A =1387 μ m, t f=333 s 15

10

5

0

0

50

100

150

200

250

300

Time (s) Fig. 2. In-plane average velocity of nanoparticles near the triple line of a water droplet.

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Hence it is more reasonable to take tf = 333 s as the essential drying time rather than as the total drying time. Nevertheless, the nonlinear fit of the average velocity for the fluorescent nanoparticles is in good agreement with the analysis of ring stains from dried liquid droplets, in which the capillary flow is believed to be the major reason for nanoparticle deposition [42]. Droplet evaporation in ambient environment is usually considered as a diffusion-controlled process and is greater in the vicinity of the triple line. In this experiment, the velocity of the fluorescent nanoparticles in the extended meniscus of liquid film underneath the water droplet are measured by the evanescent wave based MnPIV technique, with which the near-wall region (about 500 nm away from the substrate surface) is illuminated by the evanescent wave. The results shown in Fig. 3(a) shows that the near-wall velocities with respective to the height from the substrate surface are complicated in the first 140 s. The general trend for the velocities are toward the droplet center at the lower sublayers and are toward the droplet edge at the upper sublayers, indicating that there are a counterclockwise and a clockwise circling motions in the droplet. In the next 90 s, as shown in Fig. 3(b), the circling motions may vanish, the diffusion process may be dominant, and the fluorescent nanoparticles uniformly move toward the droplet edge where the velocities increase with the time. In other words, due to the competition between the diffusion process and the macroscale circling motions in the droplet, the velocities of the nanoparticles in the thin liquid film region can be much higher than that near the liquid–vapor interface at the later stage of evaporation process in water droplet.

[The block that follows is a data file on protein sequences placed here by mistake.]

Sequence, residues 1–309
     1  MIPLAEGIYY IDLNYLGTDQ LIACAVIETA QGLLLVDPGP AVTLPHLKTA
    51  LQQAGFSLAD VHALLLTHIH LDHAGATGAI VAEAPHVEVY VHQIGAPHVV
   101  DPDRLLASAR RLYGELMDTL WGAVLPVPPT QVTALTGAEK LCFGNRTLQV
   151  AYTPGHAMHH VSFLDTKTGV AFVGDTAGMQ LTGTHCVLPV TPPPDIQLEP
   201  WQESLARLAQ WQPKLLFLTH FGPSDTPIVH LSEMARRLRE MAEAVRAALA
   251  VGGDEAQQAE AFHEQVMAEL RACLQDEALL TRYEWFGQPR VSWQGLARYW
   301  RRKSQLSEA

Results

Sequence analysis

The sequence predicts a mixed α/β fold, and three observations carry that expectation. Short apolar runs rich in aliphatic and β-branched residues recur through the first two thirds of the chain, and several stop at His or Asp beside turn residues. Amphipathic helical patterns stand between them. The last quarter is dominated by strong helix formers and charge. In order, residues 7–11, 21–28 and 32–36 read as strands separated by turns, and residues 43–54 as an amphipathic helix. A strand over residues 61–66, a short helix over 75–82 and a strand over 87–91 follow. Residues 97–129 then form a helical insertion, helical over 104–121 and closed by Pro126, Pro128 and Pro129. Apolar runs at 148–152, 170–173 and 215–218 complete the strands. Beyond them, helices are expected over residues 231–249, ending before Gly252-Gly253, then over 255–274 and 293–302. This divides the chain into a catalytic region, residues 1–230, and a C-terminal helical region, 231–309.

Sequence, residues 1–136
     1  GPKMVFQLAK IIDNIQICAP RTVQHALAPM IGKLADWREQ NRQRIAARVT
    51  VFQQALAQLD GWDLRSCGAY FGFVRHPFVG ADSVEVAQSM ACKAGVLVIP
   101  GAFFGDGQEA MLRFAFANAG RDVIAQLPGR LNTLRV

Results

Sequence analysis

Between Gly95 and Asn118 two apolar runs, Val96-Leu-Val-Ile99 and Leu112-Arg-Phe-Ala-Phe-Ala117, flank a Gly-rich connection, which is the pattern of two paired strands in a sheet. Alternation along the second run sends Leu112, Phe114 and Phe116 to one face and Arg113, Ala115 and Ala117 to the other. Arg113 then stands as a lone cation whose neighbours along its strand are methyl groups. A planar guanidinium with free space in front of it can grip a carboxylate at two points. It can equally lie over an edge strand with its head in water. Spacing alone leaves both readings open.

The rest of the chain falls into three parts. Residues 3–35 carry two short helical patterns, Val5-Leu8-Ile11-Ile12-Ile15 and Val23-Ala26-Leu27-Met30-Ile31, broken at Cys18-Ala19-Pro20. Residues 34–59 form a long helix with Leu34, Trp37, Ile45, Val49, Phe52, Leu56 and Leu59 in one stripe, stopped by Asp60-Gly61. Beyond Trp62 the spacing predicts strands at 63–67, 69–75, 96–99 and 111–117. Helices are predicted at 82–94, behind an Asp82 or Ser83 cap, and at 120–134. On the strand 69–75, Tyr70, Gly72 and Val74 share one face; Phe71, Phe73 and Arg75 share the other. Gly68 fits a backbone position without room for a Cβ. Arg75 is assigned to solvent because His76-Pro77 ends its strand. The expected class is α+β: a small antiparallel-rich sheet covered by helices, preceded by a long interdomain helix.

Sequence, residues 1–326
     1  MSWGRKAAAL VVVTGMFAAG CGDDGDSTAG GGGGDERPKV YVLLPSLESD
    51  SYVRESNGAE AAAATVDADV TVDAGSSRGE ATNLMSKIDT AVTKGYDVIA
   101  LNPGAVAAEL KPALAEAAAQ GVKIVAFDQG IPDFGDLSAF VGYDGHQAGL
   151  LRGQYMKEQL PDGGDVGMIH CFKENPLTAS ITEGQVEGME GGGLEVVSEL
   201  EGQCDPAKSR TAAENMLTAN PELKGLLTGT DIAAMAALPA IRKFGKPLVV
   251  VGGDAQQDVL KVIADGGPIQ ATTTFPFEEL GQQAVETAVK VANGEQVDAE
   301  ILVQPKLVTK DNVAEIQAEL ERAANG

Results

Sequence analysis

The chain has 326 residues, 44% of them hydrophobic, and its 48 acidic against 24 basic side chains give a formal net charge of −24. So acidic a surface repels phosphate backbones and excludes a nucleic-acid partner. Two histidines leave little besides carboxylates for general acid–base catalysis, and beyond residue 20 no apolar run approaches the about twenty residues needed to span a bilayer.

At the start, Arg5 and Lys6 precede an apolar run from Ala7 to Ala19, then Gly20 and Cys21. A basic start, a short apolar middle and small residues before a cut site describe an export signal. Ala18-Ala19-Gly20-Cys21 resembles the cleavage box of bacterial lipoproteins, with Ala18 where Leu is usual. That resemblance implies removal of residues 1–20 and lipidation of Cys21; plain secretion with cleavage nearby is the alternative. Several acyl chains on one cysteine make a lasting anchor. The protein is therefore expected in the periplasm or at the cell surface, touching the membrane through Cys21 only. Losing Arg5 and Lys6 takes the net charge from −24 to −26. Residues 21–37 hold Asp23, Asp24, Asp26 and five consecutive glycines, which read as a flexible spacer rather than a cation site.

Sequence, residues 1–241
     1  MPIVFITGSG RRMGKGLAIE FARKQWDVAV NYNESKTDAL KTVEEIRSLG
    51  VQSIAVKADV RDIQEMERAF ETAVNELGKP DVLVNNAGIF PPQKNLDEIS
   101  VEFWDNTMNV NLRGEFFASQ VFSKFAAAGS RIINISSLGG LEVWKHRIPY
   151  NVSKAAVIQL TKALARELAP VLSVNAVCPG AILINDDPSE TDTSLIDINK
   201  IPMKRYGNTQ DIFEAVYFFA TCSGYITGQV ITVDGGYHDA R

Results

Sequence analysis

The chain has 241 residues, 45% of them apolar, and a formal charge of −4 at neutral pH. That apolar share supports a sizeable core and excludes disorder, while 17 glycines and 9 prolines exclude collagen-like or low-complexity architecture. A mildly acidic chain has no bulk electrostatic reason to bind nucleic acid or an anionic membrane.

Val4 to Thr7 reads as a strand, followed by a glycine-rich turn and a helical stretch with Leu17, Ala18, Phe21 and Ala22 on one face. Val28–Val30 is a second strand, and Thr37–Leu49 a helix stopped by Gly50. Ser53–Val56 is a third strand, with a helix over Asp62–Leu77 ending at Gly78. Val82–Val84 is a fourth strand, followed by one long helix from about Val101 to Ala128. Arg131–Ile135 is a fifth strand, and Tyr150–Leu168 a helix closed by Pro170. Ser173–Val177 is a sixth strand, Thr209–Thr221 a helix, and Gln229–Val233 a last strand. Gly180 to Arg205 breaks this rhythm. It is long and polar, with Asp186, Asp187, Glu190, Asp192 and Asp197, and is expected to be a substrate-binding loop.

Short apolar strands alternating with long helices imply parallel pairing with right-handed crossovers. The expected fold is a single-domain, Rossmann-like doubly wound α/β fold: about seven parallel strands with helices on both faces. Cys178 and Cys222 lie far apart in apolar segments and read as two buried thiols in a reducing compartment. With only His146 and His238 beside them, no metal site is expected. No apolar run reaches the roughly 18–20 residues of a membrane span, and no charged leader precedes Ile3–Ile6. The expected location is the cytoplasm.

3.2. Nanoparticle deposition near the triple line The inclusion of nanoparticles can also influence the pinning of the contact line and thus the total drying time of the droplet by the deposition process. As shown in Fig. 4, the deposition for which the nanoparticle concentration is 0.002% w/v exhibits various patterns during the evaporation of the droplet. At the earlier stage of the evaporation, the contact line of the droplet keeps pinned on the substrate, with the contact radius remains constant (about 1.76 mm) while the contact angle decreases from the initial value of about 6.7° until it reaches a critical value (or the receding angle being about 4°) before the contact line starts shrinking slowly with a shrinking speed lower than 1 lm/s in about half of the total drying time. The critical contact angle at which the contact line starts to recede for pure water on the superhydrophilic substrate is about 4–5°. It notes that in some researches the critical value is about 2–4° on glass, about 10° on silicon surfaces (being 9.9° for the polished, 8.8° for the gold layered and 11.2° for the nano-structured),